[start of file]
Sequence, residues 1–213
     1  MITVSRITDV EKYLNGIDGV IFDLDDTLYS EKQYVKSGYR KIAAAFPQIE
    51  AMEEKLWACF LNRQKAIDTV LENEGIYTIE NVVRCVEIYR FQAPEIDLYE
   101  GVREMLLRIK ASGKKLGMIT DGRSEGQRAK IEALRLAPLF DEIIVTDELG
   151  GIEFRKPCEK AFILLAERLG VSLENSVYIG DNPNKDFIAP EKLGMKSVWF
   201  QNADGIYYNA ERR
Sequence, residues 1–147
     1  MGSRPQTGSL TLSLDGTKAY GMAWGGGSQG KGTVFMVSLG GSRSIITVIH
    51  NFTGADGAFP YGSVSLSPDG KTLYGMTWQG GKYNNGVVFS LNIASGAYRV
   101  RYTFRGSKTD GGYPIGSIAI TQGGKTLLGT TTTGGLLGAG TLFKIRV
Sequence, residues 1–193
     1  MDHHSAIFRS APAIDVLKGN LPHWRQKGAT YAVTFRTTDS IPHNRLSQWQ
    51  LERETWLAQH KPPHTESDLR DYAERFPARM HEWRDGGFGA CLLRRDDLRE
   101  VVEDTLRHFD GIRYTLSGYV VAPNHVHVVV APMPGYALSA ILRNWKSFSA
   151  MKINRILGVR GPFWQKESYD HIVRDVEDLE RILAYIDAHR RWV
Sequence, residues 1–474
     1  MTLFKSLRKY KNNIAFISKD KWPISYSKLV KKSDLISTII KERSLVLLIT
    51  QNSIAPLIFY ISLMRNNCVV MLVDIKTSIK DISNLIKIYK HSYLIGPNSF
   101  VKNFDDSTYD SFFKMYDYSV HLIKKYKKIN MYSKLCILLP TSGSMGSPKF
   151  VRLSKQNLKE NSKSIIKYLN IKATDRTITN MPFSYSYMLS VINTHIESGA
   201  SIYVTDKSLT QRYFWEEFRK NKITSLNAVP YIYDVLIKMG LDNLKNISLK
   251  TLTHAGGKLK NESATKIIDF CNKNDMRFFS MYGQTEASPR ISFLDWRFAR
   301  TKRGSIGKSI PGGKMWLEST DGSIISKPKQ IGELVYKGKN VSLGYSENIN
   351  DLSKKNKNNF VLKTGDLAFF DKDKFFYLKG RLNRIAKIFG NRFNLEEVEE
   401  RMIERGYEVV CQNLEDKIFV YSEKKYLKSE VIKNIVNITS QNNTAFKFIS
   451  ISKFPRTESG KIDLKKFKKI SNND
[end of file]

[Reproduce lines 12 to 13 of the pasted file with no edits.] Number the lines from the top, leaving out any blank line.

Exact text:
     1  MDHHSAIFRS APAIDVLKGN LPHWRQKGAT YAVTFRTTDS IPHNRLSQWQ
    51  LERETWLAQH KPPHTESDLR DYAERFPARM HEWRDGGFGA CLLRRDDLRE